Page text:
Effect of the menstrual cycle on performance of intermittent, high-intensity shuttle running in a hot environment

Sunderland, C. ORCID: 0000-0001-7484-1345 and Nevill, M.E. ORCID: 0000-0003-2498-9493, 2003. Effect of the menstrual cycle on performance of intermittent, high-intensity shuttle running in a hot environment. European Journal of Applied Physiology, 88 (45), pp. 345-352. ISSN 1439-6319

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The present study examined the impact of the menstrual cycle and oral contraceptive use on performance of high intensity intermittent running in the heat [31.0 (0.2) oC; 23.1 (0.9) % RH]. Seven normally menstruating women (NM) and 8 oral contraceptive (OC) users participated in the study. Two trials were undertaken near the predicted mid-point of the follicular (FT) and luteal (LT) phases of the menstrual cycle and the equivalent days for the oral contraceptive users. Basal serum progesterone concentrations were higher during the LT for the NM group [FT: 2.42 (0.28) vs. LT: 25.96 (11.28) nmol.l-1; P<0.05], but were not different for the OC [1-14: 2.79 (0.38) vs. 15-28: 2.61 (0.32) nmol.l-1]. There were no differences in distance run between menstrual cycle phases or between the normally menstruating and oral contraceptive groups [NM FT: 6257 (1401) vs. LT: 5861 (1035) m]. However the OC ran further in the days 15-28 compared to days 1-14 [OC 1-14: 5481 (612) vs 15-28: 6615 (893) m, P<0.05]. For the NM, rectal temperature, perceived exertion, estimated SR, serum growth hormone, plasma lactate, ammonia and glucose did not differ between phases of the menstrual cycle. For the OC, heart rate, perceived exertion, sweat rate, plasma lactate and ammonia did not differ between days 1- 14 of oral contraceptive use and days 15-28. However rectal temperature was higher (P<0.05) and growth hormone tended to be higher (P=0.05) during days 15-28, while plasma glucose was lower (P<0.05). These results demonstrate that for unacclimatised games players the performance of intermittent, high intensity shuttle running in the heat is unaffected by menstrual cycle phase but is influenced by oral contraceptive use.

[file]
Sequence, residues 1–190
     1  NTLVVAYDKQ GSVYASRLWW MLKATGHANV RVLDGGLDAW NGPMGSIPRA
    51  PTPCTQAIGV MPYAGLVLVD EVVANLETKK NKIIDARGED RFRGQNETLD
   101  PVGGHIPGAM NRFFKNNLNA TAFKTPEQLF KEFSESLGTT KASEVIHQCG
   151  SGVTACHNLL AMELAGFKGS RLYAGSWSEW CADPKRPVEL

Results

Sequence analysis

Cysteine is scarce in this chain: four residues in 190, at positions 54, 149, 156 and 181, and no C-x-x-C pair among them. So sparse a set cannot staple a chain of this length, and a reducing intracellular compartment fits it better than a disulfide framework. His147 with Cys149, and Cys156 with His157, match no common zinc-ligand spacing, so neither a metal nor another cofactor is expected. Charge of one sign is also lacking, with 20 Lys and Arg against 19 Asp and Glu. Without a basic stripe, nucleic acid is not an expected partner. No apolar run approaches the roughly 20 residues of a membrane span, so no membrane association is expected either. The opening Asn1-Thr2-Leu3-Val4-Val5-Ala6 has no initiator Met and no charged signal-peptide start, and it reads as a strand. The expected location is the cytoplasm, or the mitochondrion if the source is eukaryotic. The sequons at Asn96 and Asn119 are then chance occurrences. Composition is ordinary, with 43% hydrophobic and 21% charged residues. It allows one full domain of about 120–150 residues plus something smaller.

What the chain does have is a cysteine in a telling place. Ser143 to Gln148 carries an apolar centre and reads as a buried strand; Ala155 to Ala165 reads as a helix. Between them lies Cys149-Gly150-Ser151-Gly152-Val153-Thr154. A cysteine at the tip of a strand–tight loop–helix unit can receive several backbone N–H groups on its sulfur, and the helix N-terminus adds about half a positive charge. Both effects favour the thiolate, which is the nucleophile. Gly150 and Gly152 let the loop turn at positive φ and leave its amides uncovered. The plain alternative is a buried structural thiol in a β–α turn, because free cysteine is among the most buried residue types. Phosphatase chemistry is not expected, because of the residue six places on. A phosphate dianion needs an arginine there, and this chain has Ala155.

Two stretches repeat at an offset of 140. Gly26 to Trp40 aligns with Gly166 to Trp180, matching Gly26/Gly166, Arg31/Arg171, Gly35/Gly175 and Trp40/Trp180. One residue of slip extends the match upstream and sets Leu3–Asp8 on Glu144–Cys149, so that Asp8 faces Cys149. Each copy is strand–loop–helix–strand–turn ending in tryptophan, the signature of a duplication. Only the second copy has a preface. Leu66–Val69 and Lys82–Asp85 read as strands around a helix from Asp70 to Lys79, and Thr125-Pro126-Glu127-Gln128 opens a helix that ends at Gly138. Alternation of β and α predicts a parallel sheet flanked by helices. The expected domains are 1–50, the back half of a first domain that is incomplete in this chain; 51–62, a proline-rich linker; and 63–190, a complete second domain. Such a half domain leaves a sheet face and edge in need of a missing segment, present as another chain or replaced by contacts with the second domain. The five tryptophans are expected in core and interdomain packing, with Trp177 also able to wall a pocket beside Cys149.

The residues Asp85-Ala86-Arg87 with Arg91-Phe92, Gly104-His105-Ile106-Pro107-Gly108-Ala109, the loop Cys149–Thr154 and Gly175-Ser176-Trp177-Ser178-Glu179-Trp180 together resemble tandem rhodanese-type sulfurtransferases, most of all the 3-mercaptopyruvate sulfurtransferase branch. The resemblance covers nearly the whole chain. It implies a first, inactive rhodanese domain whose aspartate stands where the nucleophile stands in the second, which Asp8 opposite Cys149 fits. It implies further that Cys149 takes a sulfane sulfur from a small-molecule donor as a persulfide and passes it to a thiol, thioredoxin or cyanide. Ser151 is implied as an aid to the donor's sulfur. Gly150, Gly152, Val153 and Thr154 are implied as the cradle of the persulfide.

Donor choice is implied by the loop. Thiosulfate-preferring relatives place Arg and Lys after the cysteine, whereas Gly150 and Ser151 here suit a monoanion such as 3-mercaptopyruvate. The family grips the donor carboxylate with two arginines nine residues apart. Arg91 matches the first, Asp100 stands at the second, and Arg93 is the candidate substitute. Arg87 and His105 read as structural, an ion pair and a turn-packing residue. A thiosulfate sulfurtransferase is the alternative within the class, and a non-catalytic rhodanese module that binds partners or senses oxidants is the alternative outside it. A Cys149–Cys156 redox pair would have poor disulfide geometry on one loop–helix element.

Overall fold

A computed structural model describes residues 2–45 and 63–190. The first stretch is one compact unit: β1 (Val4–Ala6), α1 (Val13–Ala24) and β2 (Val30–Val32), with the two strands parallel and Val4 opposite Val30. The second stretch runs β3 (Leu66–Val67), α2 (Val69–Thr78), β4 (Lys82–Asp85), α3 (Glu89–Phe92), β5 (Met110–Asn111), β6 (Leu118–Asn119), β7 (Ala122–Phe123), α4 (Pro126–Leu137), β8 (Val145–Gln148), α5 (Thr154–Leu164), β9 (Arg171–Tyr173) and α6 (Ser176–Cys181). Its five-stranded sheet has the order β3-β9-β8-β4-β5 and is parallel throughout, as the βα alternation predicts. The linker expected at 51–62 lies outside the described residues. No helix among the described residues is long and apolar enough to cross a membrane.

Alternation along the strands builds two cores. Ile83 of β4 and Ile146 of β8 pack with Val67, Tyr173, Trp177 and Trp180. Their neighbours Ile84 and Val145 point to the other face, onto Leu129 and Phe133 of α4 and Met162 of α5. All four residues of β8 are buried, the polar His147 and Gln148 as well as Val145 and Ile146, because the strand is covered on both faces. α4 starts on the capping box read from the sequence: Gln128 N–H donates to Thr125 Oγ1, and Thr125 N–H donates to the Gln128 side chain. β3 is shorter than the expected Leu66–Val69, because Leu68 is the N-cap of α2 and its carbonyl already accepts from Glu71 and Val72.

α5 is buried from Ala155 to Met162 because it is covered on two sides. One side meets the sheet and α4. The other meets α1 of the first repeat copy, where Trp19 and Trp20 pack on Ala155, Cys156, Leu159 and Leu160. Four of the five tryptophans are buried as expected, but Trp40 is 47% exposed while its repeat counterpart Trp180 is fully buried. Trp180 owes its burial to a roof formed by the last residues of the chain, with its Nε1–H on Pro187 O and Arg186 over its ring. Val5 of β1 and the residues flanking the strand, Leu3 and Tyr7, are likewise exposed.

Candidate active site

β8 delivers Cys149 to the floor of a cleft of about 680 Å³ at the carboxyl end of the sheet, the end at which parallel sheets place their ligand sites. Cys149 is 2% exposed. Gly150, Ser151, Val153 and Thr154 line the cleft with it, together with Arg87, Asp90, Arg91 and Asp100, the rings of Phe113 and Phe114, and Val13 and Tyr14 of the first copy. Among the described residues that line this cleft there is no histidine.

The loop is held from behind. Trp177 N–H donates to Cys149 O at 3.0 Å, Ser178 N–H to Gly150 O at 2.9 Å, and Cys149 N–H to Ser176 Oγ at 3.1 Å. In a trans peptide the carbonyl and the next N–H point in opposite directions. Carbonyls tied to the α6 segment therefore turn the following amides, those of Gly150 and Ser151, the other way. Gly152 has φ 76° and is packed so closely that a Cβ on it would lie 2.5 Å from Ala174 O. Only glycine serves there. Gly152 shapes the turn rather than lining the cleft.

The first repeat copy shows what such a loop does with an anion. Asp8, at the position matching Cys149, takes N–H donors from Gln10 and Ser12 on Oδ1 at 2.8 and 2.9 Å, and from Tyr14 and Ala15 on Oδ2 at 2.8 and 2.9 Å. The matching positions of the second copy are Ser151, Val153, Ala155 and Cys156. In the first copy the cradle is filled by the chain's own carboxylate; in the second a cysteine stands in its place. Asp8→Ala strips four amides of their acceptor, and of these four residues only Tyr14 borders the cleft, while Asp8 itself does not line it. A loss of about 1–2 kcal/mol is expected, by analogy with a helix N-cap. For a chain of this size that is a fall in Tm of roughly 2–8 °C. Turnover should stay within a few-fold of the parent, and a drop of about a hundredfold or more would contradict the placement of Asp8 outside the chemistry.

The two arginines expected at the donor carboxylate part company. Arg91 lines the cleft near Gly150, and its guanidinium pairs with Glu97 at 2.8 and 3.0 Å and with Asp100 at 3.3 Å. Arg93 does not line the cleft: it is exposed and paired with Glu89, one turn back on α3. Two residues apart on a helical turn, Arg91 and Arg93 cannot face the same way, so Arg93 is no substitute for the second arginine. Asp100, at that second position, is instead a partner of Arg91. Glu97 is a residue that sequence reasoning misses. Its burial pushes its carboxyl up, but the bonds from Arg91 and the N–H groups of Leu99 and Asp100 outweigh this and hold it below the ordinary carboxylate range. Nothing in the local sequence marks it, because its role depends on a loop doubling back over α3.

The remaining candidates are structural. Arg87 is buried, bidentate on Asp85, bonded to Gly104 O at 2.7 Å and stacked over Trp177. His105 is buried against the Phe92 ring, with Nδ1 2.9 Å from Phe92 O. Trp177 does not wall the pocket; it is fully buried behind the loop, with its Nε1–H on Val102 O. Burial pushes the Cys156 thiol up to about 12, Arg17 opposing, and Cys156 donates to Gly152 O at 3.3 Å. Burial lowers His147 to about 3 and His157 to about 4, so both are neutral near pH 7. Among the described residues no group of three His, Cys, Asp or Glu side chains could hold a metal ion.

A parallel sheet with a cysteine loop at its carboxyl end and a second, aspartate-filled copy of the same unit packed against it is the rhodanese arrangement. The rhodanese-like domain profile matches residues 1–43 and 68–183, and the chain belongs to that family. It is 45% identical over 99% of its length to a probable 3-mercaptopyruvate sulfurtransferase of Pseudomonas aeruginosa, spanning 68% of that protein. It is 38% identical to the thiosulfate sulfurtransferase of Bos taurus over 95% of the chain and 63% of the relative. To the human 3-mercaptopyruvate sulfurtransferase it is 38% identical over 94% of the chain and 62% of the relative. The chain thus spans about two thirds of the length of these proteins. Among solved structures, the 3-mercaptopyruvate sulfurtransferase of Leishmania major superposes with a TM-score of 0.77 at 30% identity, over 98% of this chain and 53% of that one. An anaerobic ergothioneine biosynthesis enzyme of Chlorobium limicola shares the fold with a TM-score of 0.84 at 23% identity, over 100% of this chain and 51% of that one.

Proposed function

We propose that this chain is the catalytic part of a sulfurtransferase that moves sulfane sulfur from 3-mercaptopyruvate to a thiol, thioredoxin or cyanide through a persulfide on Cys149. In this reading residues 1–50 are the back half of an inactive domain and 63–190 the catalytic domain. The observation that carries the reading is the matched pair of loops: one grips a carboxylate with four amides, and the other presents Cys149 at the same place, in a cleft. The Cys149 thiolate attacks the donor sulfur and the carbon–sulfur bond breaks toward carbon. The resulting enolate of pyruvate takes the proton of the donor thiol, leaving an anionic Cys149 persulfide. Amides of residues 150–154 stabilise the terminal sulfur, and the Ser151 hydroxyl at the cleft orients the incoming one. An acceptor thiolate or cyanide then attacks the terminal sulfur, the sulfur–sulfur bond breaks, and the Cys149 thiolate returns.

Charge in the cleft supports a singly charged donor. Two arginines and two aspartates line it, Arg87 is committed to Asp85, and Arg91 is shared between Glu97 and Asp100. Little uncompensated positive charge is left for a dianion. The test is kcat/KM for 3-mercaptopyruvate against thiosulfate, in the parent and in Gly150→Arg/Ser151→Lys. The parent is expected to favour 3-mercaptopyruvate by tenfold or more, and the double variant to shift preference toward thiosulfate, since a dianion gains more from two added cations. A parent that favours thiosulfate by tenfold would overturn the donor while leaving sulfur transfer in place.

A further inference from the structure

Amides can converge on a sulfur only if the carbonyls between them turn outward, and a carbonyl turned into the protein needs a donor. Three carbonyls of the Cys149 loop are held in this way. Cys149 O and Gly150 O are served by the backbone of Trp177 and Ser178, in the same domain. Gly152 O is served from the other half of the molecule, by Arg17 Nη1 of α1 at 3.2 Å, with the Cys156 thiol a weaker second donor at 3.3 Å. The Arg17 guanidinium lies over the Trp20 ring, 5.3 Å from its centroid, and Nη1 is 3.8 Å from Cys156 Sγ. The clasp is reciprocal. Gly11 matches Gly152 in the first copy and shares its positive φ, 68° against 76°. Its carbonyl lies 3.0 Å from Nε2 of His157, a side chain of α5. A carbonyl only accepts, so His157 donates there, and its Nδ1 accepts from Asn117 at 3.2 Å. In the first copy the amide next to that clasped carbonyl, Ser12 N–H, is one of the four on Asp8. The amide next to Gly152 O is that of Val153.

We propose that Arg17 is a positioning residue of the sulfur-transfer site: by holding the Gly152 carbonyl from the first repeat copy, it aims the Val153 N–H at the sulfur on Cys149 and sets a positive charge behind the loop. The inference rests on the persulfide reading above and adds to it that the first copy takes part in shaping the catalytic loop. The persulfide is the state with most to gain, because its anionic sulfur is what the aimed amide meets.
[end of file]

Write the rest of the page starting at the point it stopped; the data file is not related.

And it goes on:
Item Type: Journal article
Description: The original publication is available at www.springerlink.com
Publication Title: European Journal of Applied Physiology
Creators: Sunderland, C. and Nevill, M.E.
Publisher: Springer Verlag
Place of Publication: New York
Date: 2003
Volume: 88
Number: 45
ISSN: 1439-6319
Rights: © 2003 Springer Verlag
Divisions: Schools > School of Science and Technology
Record created by: EPrints Services
Date Added: 09 Oct 2015 10:28
Last Modified: 06 Feb 2019 09:35
URI: https://irep.ntu.ac.uk/id/eprint/13523

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